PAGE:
Let’s say you talk with a prospective client who runs a retail business that is looking to expand online. In their mind, they’re hoping to generate enough cash flow through this new website to afford opening up a new brick and mortar location across town.
They then take the logical next step: They seek out web designers who can build their online store (this is where you come in).
After meeting with a few candidates, they’ve been pitched on a whole bunch of things that don’t make much sense to them. Responsive design. HTML5. This or that ecommerce framework. They’re wondering how this will help them expand their business, but so far, they’re trusting that what they’re being told will somehow get them that additional revenue.
And then the proposals start coming in, and they’re now being sold on responsive WooCommerce-powered websites. They’re unsure about whether spending $10,000 on building a new website will get them the money they need. Will their offline customers like their online presence? Will they even know it exists?
The poor client is trying to piece together how what they’re being sold relates at all to what they really need, and doubt starts to overcome them. They’re not that comfortable spending $10,000, because they’re half-sure that the work they’re being pitched on will give them what they need. Maybe they’re willing to spend half of that. Again, they aren’t too sure what they should be spending.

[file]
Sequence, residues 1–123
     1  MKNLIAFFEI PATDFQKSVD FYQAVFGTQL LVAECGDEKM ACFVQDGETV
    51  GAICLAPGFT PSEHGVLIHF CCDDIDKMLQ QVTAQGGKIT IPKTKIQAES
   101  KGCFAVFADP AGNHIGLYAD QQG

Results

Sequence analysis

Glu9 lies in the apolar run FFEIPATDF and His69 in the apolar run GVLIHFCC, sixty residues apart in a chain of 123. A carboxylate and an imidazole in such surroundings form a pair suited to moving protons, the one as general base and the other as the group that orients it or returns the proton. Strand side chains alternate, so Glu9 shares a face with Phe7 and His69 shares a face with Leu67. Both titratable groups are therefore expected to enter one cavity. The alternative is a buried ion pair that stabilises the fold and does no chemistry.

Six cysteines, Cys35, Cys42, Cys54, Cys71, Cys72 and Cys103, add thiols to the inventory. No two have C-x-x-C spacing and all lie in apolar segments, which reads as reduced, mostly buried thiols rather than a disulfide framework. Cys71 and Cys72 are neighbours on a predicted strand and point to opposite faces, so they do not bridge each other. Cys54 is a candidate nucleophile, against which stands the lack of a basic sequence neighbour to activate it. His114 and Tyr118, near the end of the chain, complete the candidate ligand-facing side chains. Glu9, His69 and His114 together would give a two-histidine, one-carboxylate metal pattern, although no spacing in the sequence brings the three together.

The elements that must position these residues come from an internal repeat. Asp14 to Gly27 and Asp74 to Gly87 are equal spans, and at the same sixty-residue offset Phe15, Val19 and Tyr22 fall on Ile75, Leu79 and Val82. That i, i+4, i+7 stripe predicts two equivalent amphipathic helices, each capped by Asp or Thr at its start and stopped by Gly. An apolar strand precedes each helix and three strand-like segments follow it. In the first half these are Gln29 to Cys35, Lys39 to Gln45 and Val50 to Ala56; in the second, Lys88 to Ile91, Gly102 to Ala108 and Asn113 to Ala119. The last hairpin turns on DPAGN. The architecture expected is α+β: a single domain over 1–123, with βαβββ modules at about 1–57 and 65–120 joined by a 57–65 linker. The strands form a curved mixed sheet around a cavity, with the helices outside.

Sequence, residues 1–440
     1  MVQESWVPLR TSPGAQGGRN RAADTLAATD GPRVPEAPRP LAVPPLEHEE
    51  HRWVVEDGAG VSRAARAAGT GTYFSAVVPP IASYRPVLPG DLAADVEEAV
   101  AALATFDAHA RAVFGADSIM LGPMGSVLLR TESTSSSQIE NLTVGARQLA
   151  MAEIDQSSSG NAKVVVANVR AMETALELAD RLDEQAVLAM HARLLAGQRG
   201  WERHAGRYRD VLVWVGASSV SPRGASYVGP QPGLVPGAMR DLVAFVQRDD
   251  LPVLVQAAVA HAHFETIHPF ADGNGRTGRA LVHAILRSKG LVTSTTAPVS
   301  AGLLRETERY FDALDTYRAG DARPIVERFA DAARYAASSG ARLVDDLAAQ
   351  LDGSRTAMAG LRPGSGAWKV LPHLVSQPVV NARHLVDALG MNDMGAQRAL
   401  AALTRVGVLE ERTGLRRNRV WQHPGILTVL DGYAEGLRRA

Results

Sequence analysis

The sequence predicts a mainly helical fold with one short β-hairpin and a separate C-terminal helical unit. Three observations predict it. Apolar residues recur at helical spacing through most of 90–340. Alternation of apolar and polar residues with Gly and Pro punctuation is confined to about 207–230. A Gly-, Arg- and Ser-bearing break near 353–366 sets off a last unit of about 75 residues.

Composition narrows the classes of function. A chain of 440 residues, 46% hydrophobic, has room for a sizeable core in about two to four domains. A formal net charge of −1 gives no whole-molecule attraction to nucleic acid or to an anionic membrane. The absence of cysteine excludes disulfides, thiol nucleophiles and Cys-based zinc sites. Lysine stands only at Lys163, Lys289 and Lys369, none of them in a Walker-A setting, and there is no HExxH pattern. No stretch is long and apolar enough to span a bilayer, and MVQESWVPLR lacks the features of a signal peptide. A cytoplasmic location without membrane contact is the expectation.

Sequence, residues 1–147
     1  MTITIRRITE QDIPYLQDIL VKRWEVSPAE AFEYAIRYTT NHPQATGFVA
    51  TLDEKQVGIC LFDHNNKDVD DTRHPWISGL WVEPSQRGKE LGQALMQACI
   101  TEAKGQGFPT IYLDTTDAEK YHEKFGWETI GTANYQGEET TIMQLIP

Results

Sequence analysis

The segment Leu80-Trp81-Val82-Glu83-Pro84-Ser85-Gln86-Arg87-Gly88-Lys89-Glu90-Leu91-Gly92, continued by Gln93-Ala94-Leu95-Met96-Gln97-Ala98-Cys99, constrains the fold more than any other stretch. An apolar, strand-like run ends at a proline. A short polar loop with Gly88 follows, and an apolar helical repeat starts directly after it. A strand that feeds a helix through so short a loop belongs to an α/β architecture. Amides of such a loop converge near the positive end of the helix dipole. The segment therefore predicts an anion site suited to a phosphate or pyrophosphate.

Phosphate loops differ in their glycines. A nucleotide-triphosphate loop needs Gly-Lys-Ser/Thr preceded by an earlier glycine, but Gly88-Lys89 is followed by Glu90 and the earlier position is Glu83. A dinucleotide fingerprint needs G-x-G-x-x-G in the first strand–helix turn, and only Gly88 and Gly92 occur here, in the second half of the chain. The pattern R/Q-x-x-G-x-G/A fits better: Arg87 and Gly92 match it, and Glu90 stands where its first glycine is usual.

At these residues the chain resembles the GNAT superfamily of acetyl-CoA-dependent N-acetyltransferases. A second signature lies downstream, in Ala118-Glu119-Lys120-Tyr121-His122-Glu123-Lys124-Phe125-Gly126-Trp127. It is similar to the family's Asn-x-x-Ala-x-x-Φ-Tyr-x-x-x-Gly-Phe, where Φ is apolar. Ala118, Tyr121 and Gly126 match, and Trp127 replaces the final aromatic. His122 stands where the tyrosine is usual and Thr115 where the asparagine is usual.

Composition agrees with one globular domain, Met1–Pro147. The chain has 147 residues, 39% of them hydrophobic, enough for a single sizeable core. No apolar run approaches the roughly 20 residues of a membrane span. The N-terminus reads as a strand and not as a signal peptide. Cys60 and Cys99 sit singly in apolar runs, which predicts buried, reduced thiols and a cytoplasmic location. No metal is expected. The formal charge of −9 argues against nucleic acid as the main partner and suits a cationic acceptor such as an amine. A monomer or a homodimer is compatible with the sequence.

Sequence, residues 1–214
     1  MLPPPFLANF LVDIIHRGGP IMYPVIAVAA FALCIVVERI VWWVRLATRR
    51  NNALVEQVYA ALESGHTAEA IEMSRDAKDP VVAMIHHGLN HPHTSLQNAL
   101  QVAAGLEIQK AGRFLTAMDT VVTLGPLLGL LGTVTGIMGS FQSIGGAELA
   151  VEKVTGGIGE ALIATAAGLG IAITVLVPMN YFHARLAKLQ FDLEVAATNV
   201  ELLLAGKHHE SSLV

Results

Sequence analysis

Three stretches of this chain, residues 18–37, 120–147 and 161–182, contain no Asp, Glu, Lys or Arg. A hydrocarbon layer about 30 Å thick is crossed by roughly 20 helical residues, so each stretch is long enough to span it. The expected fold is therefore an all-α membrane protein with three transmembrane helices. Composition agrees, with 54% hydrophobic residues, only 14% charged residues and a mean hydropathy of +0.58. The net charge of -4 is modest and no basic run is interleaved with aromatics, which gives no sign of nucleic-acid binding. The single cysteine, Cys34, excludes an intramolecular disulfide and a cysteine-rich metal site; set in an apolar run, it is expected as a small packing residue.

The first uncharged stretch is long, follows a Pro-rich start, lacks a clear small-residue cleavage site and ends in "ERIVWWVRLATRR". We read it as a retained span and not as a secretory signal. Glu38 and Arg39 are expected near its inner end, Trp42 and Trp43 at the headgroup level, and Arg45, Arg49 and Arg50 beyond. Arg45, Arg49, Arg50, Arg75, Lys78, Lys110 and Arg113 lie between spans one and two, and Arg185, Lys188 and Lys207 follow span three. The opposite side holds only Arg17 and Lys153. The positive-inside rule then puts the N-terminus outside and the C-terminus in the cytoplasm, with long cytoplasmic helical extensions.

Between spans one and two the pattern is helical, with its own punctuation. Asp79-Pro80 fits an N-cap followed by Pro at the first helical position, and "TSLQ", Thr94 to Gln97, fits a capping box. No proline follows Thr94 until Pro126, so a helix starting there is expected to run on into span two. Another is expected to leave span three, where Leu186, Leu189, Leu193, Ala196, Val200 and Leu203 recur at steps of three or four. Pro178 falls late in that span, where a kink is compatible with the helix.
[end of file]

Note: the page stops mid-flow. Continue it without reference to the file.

….The above example happens thousands of times every day. A business is pitched by a web designer, developer, or whoever, and what’s being sold isn’t inline with what the client is actually seeking.
Prospective clients are quantifying the risk of failure - not just the risk of “will this website actually work?”, but also “will this website do what I’m paying it to do for me?” And it’s because of this disconnect that doubt and fear, haggling and free work come into the picture.
As a consultant, it’s your job to mitigate the risk of failure for your clients. And the way to do that isn’t by lowering your rate or agreeing to work for free. The way to do this is by slaying any objection your clients have to you being capable of solving their problems. This means that you need to get into the heads of your clients, and figure out what actual problem lies at the root of their project request (for example, “enough sales that I can safely expand my business” and not “an ecommerce website”). If you need some help in getting started doing this, my free 9 lesson email course spells out exactly how to do this.
By speaking and selling to the clients needs, you effectively lower your risk score. And the lower risk you are, the more likely the client is to pay you what you want and hire you.
If a client wants you to negotiate your costs or convince you to work for free, then they have objections that are keeping them from hiring you on your terms. The way to counter these requests isn’t by agreeing or writing off the client as a lunatic. Instead, try to figure out what doubts they have and counter them. Counter their objections. Raise your risk score. Stick to your guns and assert your professionalism — because, remember: you ARE a professional.
So act like one :-)